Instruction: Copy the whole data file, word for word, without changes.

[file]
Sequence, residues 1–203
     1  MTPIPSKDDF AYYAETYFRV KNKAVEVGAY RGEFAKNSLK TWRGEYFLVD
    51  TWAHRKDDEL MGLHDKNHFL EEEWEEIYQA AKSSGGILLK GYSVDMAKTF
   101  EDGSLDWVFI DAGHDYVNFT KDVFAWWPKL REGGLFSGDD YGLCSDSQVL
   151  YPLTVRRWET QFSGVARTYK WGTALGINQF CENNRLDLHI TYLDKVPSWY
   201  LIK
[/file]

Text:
Sequence, residues 1–203
     1  MTPIPSKDDF AYYAETYFRV KNKAVEVGAY RGEFAKNSLK TWRGEYFLVD
    51  TWAHRKDDEL MGLHDKNHFL EEEWEEIYQA AKSSGGILLK GYSVDMAKTF
   101  EDGSLDWVFI DAGHDYVNFT KDVFAWWPKL REGGLFSGDD YGLCSDSQVL
   151  YPLTVRRWET QFSGVARTYK WGTALGINQF CENNRLDLHI TYLDKVPSWY
   201  LIK